Mr. Bezos, open that locked gate... Oh, wait. You already did.
The Winter (Spring, Summer, and Fall) of My Discontent
By D. C. Chester
Copyright © 2014 by D. C. Chester
Dark. The winter sun was still below the horizon. The highway was slick in spots from freezing fog. Coming up the on ramp a full size, beat up, Chevy van accelerated, trying to wedge its way into traffic.
He watched the van. Bridges freeze first, he thought. He took a quick glance in the rear view mirror. Two semis behind, maybe running a tad too fast for conditions. His eyes darted both ways, looking for trouble. An SUV, driving too cautious, just ahead of his passenger door, nothing on the left.
For an instant the atmosphere inside the car crackled. Something felt wrong…for just that instant.
And the heavy, awkward, shitty van started its skid sideways on the black ice of the overpass. Because that dumbass driver didn’t know how to drive. And the SUV hit the brakes. Because that dumbass driver didn’t know how to drive.
He took his foot off the gas. Ignored the brake.
The SUV continued to slow but stayed in the lanes of traffic.
Get over, he wanted to shout at the SUV. Wanted that fool to get out of the way of everything closing in on them from behind.
But he didn’t shout anything. Just kept watch on the traffic as the van continued spinning full circles across the bridge. The semi was on his bumper but he couldn’t move over. For a moment he contemplated sideswiping the SUV out of the way to the right. Wanted to move away from the five ton trucks bearing down. The spinning van was crossing back into his lane. The gap between shitty van and SUV closed. It seemed smaller than the width of his car.
Like a disinterested observer he heard himself call out to his wife sitting terrorized in the passenger seat.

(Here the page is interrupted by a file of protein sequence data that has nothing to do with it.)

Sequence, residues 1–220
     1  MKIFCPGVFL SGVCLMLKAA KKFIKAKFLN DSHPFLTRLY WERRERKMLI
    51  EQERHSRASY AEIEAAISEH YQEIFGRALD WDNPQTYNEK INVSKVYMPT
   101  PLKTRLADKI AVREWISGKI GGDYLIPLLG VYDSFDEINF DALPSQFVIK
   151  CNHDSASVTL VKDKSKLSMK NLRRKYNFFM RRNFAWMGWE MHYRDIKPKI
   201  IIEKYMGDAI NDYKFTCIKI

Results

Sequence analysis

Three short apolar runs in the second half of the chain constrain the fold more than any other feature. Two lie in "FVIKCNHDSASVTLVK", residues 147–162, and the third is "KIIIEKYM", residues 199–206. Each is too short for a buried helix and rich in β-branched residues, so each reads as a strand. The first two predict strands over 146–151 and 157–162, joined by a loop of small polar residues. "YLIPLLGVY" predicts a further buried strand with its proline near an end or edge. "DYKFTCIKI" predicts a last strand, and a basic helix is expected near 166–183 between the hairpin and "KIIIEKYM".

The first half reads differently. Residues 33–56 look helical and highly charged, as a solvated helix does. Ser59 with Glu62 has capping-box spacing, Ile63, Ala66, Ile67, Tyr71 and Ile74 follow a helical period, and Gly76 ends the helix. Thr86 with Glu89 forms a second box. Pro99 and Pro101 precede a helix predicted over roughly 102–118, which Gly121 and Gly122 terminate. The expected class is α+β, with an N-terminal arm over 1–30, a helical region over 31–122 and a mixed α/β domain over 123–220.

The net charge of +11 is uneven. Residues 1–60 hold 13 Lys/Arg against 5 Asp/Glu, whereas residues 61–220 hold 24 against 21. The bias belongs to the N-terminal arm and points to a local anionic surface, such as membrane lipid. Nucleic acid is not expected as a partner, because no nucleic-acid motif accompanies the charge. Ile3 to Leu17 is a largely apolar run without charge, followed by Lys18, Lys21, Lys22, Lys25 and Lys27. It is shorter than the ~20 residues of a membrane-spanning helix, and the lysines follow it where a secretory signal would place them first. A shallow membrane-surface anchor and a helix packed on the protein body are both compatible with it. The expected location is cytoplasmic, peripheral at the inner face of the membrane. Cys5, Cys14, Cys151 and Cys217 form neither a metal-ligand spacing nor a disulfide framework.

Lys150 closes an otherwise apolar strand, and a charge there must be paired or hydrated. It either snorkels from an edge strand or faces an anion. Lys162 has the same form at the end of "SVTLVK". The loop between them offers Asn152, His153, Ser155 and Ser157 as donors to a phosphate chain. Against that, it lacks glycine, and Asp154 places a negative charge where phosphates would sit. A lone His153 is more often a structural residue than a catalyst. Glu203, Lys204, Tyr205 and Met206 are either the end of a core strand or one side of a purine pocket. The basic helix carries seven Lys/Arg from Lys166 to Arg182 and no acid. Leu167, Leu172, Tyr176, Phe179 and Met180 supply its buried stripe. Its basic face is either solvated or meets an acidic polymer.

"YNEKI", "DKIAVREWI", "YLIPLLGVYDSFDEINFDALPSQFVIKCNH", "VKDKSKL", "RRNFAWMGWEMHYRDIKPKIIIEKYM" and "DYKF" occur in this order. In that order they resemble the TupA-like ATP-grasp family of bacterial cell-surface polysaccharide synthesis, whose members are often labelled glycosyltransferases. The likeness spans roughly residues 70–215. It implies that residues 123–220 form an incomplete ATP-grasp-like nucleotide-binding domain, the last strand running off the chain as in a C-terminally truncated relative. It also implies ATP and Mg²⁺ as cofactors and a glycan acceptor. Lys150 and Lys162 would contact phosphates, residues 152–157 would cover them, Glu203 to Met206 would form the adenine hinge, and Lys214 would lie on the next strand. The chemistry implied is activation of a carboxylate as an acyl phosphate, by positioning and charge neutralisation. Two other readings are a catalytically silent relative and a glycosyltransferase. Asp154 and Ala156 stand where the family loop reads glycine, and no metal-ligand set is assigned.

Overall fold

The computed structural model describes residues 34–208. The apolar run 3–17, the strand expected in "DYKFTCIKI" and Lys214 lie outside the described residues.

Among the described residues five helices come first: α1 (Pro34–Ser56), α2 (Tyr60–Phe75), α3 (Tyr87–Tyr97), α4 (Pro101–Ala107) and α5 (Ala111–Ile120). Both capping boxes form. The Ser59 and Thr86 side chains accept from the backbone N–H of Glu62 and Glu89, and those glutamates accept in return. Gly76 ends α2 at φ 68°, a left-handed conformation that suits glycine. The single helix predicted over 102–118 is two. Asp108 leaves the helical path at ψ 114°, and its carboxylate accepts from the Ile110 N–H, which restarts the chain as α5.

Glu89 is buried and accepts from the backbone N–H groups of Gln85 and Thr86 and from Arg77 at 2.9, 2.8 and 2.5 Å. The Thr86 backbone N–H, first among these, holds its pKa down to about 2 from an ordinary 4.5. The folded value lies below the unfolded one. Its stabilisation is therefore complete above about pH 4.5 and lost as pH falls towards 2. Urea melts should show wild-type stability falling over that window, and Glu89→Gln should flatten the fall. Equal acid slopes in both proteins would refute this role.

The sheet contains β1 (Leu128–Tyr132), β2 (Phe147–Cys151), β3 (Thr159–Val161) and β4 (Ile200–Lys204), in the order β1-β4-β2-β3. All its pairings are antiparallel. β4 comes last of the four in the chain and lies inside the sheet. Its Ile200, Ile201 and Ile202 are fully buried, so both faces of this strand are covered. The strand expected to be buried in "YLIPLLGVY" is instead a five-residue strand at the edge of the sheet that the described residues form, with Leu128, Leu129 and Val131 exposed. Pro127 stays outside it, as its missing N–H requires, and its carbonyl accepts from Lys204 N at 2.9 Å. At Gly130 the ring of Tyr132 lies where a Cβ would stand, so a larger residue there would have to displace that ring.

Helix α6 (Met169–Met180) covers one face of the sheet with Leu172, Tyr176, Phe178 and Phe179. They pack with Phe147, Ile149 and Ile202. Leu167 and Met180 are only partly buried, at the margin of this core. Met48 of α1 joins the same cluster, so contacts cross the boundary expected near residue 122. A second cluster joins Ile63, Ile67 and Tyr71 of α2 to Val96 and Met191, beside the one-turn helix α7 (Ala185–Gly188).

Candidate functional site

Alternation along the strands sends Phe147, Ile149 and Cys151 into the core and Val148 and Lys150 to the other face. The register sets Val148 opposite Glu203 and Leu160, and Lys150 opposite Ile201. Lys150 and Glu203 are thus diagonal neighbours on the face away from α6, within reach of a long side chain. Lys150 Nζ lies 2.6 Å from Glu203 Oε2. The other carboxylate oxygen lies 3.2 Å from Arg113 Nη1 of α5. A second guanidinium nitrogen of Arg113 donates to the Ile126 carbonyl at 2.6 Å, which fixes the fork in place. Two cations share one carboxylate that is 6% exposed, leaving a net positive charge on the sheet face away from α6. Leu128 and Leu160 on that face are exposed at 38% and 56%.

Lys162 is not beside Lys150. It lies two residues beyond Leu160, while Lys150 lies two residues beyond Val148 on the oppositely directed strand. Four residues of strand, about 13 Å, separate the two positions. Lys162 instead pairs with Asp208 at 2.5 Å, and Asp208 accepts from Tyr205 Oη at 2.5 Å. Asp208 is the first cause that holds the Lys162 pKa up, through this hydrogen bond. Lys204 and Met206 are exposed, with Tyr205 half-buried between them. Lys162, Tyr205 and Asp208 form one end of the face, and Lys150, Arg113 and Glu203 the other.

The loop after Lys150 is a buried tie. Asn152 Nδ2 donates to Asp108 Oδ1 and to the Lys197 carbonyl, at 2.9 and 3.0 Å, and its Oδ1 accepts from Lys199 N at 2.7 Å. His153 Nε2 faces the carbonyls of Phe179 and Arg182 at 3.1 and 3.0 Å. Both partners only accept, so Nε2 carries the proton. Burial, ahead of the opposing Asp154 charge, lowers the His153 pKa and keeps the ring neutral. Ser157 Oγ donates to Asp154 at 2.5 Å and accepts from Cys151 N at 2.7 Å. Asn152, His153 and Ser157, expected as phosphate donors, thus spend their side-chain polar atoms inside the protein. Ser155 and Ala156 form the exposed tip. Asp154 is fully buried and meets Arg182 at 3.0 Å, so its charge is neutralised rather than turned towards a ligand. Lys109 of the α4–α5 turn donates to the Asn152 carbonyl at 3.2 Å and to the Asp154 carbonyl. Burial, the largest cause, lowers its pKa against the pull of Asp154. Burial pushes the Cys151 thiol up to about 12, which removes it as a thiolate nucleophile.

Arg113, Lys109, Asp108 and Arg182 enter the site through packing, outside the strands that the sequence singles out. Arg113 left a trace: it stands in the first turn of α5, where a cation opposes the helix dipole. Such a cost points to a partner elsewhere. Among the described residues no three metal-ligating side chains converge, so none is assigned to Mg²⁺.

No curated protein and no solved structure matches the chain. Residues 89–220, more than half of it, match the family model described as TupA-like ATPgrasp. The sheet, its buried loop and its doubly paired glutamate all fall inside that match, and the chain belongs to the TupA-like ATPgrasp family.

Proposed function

“Hold on, baby. Hold on, baby.” Over and over as the head-on crash closed in. “Hold on, baby. Hold on, baby.” As he searched for a solution.
The semis, both of them, had horns blaring as they tried to slow their massive inertia.
Headlights lit the inside of his car as the van continued its spin on ice. The SUV was slowing but still in the center of the road.
Nowhere to go. Head on.
And then the van was coming to the end of its wild ride, the body bobbing up and down from a wobbly suspension.
He tightened his grip on the steering wheel, calculated the width between van and SUV one last time. He faded slightly to the right and accelerated, shooting through the too narrow space before that damn van could close off everything. He shot past the SUV out of the way of the heavy trucks behind him. Out of the way of any carnage coming from behind.
He continued at highway speed up and over the arching roadway away from bridges and on ramps. He glanced at his wife. She held her hands over her mouth, fear frozen. She started shaking, maybe still expecting a collision.
He looked in the mirror. In the dark everything looked normal back on the bridge. The two semis appeared unscathed. Both driven by…real drivers.
Finally, she said in a small voice, “We almost died.”
“Shhh,” he said. “We’re fine.”
A near head on with a full size van, directly in front of two massive trucks. She was right. We almost died.
They rode in silence for a few minutes and then she started crying as the adrenaline faded away.
Almost died, he thought. With so much left undone.
She was still crying and he put his hand on her leg.
“Shhh,” he said. “Everything’s fine. We’re alright.”